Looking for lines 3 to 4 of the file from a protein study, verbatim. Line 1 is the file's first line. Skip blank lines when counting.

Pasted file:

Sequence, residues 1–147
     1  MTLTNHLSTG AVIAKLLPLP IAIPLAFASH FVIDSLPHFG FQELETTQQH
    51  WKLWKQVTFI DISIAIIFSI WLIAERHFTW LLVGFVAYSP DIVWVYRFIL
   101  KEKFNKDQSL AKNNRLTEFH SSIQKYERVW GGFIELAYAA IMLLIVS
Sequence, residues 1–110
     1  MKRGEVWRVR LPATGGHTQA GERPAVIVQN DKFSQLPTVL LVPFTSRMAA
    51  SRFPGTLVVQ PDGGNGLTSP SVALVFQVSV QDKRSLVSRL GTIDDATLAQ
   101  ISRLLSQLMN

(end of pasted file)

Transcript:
    51  WKLWKQVTFI DISIAIIFSI WLIAERHFTW LLVGFVAYSP DIVWVYRFIL
   101  KEKFNKDQSL AKNNRLTEFH SSIQKYERVW GGFIELAYAA IMLLIVS